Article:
I've been shopping around with this until I learned it's similar to a lesser-known Asimov story. Still, I'm somewhat proud of it, and I'd rather show it off to the world than let it collect dust on my laptop.
The nebula between his hands was spinning. Gas clouds danced and grew thicker with each rotation. Gently, he caressed the glass sphere containing them and turned it over, inspecting its sides with paternal care. The iron band holding the globe together had a set of lights on one side. They blinked in a way that pleased him. The gravity field was stable. He was ready for Phase Two.
He took the globe across the attic. Slow and deliberate steps kept him from disturbing old and loose planks of wood or bumping into the rest of his equipment. Tall grey canisters and a box filled with empty glass balls lined a wall to his left. The homemade superconductor he used to test his gravity bands filled the space next to a portable centrifuge on a wooden table. Chests housing personal effects – mementoes and some clumsily-scribbled schematics from yesteryear – were pressed together in a corner.
Soon, he was at his desk. Amid the clutter of blueprints and miscellaneous devices was a metal claw. Each of its digits ended in a wide tube, and its wrist-like base was a cone covered with switches and dials. It sat comfortably next to a photograph of his family spread out on a couch, their faces frozen in practiced joy. "I’ll make you proud," he muttered, looking briefly into their petrified eyes.
He set the globe in its grasp, lining up the machine’s fingers to the holes on the sides of the gas-filled sphere. Careful and calm, he held the ball up with one hand and reached for a button on the claw’s base with the other. A loud quartet of clicks sounded as the finger-tubes connected with the sphere. He pulled his hands away, and saw that the orb was in place.
Quickly, he ran to the side. Work clothes sat in a pile by the attic window. He switched out, pulling his gloves off and slipping on a new pair. He swiftly threw a leather smock over his body. Goggles fastened to his face, he walked back to the machine. He turned a dial on the base clockwise and lined another up with a red-coloured symbol on its immediate right.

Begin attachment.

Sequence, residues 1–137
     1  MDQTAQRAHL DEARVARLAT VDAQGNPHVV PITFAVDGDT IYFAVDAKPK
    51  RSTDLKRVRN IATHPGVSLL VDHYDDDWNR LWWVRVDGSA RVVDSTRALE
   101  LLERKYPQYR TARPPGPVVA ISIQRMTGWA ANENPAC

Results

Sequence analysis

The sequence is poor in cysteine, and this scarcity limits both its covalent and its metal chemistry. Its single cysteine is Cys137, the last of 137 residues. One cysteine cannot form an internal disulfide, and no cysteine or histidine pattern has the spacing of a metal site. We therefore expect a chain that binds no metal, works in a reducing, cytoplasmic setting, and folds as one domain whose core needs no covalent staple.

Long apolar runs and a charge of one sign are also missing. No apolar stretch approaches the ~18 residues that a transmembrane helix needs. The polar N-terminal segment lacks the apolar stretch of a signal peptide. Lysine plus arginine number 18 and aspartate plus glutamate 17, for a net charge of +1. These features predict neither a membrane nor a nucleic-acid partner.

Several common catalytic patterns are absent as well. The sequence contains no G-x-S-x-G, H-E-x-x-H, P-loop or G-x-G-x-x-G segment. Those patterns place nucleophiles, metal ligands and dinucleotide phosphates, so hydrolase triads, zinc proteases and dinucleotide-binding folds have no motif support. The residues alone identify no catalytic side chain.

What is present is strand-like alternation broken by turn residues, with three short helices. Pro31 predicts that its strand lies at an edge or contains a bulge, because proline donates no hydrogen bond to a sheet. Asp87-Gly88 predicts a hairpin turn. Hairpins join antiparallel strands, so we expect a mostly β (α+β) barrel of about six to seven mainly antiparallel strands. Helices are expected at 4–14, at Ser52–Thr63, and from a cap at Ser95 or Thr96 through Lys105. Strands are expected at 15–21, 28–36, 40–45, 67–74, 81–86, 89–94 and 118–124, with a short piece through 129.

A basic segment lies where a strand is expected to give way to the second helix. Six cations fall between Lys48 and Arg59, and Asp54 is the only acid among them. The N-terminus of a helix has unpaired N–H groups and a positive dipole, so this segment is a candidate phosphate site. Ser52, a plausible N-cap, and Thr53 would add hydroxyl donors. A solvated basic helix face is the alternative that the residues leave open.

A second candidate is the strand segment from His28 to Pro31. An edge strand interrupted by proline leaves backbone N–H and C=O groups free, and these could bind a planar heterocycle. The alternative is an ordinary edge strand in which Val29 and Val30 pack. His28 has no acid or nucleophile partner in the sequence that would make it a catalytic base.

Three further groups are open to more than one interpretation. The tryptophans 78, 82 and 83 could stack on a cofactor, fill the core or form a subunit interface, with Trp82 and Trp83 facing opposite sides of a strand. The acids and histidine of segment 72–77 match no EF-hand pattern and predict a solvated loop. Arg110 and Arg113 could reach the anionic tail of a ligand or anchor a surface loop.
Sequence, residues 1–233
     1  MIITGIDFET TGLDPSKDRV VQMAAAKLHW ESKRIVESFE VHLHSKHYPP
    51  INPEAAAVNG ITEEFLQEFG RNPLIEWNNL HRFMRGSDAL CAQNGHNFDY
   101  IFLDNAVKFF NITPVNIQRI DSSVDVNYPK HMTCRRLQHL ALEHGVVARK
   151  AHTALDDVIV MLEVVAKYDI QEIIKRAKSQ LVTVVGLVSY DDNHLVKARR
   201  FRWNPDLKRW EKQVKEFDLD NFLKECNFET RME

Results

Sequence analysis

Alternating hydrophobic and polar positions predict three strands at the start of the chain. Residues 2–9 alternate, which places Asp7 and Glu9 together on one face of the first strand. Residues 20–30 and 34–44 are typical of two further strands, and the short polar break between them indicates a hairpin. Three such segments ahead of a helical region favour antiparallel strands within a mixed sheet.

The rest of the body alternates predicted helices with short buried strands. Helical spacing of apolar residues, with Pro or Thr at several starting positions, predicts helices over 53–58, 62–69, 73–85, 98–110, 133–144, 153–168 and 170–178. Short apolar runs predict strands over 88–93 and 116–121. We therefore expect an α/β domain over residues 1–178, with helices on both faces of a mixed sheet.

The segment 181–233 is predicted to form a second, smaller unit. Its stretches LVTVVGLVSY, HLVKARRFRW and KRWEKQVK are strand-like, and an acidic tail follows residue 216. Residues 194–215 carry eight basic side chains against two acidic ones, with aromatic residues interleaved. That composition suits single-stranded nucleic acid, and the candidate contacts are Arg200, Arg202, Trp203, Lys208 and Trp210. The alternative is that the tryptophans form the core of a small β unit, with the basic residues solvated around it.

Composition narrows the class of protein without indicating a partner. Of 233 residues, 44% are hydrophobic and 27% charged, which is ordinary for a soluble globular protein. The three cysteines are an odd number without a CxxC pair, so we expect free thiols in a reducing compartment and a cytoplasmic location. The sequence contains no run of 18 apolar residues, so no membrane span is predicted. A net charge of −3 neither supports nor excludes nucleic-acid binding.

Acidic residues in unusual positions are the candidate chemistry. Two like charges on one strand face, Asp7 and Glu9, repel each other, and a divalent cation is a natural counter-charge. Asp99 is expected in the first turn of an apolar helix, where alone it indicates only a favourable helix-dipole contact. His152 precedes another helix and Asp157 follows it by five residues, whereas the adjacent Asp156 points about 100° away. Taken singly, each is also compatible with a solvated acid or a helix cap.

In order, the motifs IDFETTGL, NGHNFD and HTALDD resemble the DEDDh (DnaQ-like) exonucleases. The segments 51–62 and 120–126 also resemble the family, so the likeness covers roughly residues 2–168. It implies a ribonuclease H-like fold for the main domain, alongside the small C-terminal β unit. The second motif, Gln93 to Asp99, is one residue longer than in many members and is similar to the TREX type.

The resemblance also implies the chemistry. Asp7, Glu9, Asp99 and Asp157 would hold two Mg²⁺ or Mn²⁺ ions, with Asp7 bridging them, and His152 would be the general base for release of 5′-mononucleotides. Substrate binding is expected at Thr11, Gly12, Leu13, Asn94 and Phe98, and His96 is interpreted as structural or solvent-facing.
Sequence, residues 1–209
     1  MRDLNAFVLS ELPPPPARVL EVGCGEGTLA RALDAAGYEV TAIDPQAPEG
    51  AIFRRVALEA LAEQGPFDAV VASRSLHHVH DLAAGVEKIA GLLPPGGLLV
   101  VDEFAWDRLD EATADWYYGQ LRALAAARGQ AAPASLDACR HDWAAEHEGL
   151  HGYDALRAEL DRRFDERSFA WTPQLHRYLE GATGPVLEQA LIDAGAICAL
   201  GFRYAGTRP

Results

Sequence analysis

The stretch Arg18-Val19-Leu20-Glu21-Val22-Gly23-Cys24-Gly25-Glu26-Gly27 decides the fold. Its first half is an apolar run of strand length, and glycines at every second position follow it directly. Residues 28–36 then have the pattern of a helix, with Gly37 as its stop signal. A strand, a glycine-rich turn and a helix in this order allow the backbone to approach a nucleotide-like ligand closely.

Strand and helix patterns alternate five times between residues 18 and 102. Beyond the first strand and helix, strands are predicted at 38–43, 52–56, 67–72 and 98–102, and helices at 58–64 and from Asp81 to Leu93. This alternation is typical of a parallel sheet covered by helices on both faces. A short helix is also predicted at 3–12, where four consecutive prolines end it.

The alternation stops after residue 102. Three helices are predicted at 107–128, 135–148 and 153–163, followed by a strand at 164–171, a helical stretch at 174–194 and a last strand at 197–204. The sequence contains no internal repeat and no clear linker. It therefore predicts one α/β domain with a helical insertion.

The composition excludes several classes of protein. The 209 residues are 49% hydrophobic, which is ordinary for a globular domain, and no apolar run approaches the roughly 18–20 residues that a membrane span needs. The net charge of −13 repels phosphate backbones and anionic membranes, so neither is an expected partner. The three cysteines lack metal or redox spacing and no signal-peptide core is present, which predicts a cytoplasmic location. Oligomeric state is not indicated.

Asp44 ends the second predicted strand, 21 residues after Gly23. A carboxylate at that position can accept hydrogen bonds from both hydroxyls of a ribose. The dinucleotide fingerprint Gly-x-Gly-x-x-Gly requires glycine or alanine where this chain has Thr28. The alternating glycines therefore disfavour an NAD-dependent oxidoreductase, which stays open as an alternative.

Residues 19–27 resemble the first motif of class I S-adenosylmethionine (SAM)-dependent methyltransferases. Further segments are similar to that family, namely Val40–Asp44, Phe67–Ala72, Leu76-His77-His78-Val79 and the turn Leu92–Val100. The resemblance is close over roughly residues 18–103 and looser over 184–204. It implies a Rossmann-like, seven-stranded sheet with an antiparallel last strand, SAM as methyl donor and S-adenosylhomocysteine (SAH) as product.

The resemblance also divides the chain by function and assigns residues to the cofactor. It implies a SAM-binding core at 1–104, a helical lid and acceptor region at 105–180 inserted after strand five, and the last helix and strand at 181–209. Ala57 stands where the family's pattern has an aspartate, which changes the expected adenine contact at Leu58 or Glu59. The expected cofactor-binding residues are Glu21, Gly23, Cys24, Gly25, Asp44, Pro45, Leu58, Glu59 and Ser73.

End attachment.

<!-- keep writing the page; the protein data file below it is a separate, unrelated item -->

Hands on the desk, he leaned forward and waited. Ensuring the balance of the hydrogen and helium levels was easy, but delicate. Stabilizing the gravitational field inside the globe was trickier. He remembered how the gravitational field once expanded outside its globe and upended the room for twelve seconds. He reflected on his other failures: the shattered glass and the rogue gas clouds, the burnt table, last month’s black hole scare.
More than that, he remembered the shame. Each time a globe broke or a gravity field destabilized, sheer overwhelming disdain followed. He knew he could do better; he had to do better. It was amazing for him that he got that far to begin with, but knowing what was at stake if he failed pushed him further.
Forcing the collapse of the cloud was something he only succeeded in doing twice. Neither time was successful. He was hardly superstitious, but he wrung his hands together and murmured: “Third time’s the charm.”
There was a whirr. The claw holding the globe shook and buzzed. The nebula spun in place faster than before. A pinpoint of light emerged in its centre.
A spark. Gas ignited and the inside of the globe was ablaze. Light reflected off of his goggles. He stepped back and shielded his face. The fire rose, pressing against the glass. It glowed red. A gleam enveloped the desk, rays of primal light stabbing outward. The family picture went missing in its glare.
He tensed and backed away from the blaze. Seizing the fire extinguisher he had brought up from the main floor, he undid the pin and gripped the nozzle. The black tube shook as he aimed it at his creation and prepared to douse the desk.
The gesture was unnecessary. In seconds, the flame died down. What once was a struggling fireball forcing against its bonds quickly shrank down to a little globe. His desk was intact; the photograph, unscathed.
Orange light danced inside the glass sphere. It was bold and bright and solid. Spinning slowly in its container, the tiny star flared up. Miniature sunspots and leaping snakes of fire appeared and disappeared in an instant.
He relaxed and set aside the extinguisher. Excitement brought him back to his desk again, though caution dictated the speed. Gingerly, he held his hand up to the sphere and the burning ball inside it. Its warmth was gentle.
A wry smile crept across his face. Timmy was ready for the Science Fair.
See you next time,